A recent study found that the bonds created between stepchildren and their stepparents can last a lifetime even after the child’s biological parent and stepparent got divorced. According to one of the paper’s authors, Marilyn Coleman of the Department of Human Development and Family Science, “For a substantial portion of these children’s lives, they’ve been living with a stepparent, who, in many cases, became a parent to them.” When that strong relationship can be shown and proven to the court, there is a much greater chance of that stepparent being given partial custody or visitation rights. Coleman goes on to say that when “the couple breaks up, the family breaks up. . . what happens to these kids?
Stepparents may have invested a lot of time, a lot of emotion in raising a child and then end the relationship completely.” This emotional investment goes two ways: with the child and their stepparent. The bond is often so strong that it lasts through childhood and continues into adulthood, which was shown in half of the study group. Severing this relationship prematurely and coldheartedly through a court order can be traumatic for children of all ages, who seek regularity and routine during times of stress, such as divorce and the months and years of adjusting afterwards. Terminating a strong relationship between the child and their stepparent may be seen as not in the child’s best interest. Coleman finishes with, “Sometimes, there’s an assumption that when the relationship ends, there’s no need to continue ties. But for children who have grown up viewing someone as a parent, it may not be so easy for them to lose that relationship.”
Is it in the Best Interest of the Child?
It would be incredibly rare for the court to give a stepparent sole custody unless the biological parent has a history of substance abuse, mental illness, a severe disability, a criminal history, or charges of spousal or child abuse. Joint custody would be more likely, especially if the stepparent had been a father or mother to the child since a very young age. Visitation rights would also be a very tangible goal for a stepparent.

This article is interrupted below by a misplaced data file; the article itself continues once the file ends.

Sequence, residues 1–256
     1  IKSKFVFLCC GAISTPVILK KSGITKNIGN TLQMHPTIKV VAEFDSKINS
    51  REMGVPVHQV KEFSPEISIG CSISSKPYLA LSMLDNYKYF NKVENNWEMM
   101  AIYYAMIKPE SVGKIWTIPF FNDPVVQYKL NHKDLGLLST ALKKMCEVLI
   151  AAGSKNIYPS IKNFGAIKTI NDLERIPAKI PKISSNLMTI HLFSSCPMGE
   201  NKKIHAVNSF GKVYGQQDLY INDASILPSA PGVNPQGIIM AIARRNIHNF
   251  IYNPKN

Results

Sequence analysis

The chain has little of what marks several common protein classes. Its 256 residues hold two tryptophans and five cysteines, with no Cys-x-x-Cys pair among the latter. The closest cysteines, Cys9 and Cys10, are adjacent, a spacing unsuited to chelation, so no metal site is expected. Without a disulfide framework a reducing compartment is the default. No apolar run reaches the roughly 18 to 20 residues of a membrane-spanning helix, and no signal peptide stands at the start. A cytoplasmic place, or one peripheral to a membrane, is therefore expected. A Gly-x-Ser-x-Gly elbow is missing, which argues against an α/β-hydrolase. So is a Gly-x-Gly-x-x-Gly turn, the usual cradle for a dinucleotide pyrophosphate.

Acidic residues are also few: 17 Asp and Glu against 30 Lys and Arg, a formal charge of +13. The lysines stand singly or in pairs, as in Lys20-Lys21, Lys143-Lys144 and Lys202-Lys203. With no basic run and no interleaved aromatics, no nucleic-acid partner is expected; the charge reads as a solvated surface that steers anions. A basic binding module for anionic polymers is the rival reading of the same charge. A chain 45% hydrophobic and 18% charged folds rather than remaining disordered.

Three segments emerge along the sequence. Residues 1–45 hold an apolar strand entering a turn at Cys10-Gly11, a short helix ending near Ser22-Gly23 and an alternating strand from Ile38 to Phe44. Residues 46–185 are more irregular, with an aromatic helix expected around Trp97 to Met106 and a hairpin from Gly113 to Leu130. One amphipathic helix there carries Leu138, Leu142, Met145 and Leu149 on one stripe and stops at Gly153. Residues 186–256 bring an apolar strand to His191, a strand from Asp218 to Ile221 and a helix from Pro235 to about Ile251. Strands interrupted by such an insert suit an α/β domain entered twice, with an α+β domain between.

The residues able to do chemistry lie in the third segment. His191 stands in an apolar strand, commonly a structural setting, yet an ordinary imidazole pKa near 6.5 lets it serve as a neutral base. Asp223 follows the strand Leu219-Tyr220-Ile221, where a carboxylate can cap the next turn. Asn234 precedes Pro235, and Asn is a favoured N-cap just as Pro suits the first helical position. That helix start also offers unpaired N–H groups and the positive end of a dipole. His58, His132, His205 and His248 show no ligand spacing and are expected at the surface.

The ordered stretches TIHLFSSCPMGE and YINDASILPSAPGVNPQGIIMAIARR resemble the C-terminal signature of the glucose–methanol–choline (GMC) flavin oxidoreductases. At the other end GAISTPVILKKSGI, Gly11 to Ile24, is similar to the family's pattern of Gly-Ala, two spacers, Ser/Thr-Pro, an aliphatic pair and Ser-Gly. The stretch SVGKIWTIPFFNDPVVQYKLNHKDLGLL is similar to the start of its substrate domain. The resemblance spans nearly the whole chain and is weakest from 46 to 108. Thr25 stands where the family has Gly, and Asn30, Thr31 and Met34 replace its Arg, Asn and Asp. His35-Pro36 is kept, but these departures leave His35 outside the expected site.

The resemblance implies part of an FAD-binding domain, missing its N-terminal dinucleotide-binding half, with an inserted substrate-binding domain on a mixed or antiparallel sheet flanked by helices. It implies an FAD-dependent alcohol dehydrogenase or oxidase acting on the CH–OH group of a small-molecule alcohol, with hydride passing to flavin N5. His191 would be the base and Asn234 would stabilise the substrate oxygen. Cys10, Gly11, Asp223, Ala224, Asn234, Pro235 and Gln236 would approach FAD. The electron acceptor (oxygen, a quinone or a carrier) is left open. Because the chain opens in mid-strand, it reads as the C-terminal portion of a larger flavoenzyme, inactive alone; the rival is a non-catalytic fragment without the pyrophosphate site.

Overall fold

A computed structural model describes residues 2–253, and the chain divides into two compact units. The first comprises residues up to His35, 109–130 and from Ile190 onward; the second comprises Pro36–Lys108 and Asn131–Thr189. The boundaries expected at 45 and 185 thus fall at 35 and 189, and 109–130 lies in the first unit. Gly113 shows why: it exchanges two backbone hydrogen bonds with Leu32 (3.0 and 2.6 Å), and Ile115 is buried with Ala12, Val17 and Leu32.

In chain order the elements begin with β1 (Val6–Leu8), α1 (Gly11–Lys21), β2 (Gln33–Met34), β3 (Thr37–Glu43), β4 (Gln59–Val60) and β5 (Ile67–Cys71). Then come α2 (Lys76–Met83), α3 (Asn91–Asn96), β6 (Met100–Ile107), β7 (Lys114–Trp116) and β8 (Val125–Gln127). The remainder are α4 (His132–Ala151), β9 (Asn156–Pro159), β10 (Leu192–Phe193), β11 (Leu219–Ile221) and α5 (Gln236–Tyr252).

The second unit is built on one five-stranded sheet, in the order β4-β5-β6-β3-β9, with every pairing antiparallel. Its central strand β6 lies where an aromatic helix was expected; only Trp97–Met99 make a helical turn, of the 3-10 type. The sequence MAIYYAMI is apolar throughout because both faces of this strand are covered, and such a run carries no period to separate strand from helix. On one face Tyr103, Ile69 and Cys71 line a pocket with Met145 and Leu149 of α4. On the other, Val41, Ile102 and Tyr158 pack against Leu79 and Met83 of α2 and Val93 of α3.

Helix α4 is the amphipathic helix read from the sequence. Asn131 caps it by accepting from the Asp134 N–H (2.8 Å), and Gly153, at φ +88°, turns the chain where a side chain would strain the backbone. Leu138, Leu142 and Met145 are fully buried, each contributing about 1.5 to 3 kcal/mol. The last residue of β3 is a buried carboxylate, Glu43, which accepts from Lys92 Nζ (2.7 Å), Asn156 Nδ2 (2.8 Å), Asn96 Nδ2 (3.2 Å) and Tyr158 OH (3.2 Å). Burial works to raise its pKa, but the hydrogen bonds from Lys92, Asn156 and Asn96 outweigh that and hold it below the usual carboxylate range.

Call Powers Landreth PLLC Today
According to the Stepfamily Foundation, 1,300 new stepfamilies are formed every day. Many of these marriages come to an end. If you wish to seek child custody or visitation rights as a stepparent, or believe that your former spouse would not make a good guardian of your biological child, we at Powers Landreth PLLC are here to answer any questions you may have concerning issues of custody and visitation rights of stepparents. Contact our Charlotte family law team today for assistance.
Stress, pressure, and fear will make ordinary people do unordinary things–manipulative and even deceitful things. Some divorcing spouses go so far as to make up stories about their partners that damage their reputation and chances to be granted child custody, marital property, or alimony. If you are facing such accusations, you need to act now by contacting an experienced Charlotte, North Carolina divorce attorney.
False Allegations of Domestic Violence are Rare, But Do Occur During Divorce
While false domestic violence or abuse allegations are rare, they do affect spouses negatively during divorce. Specifically, a protective order (50-B) against one of the spouses could seriously impact the decision of the judge in many circumstances. According to research and reported by the Colorado Coalition Against Domestic Violence, in 63 percent to 74 percent of domestic violence cases, there is sufficient evidence that abuse occurred. In the remaining cases, there is insufficient evidence or a mistaken belief that abuse occurred. Very rarely does a person make a false allegation, which makes it all that much more difficult to prove in court.
Accusations of Drug or Alcohol Addiction, Sexual Abuse, or Child Abuse and Neglect Can Destroy a Parent’s Chances of Custody
Allegations of child sexual abuse during divorce cases only make up about six percent of cases, though at least two thirds of those cases are substantiated by evidence. Other allegations that could seriously jeopardize your ability to receive child custody, or even visitation rights, include:
- Alcohol or drug use;
- Child abuse;
- Spousal abuse;
- Animal cruelty;
- Committing crimes without getting caught; and
- Exposing the child to inappropriate activities or material.
Gambling, Criminal Allegations Affect Asset Division and Alimony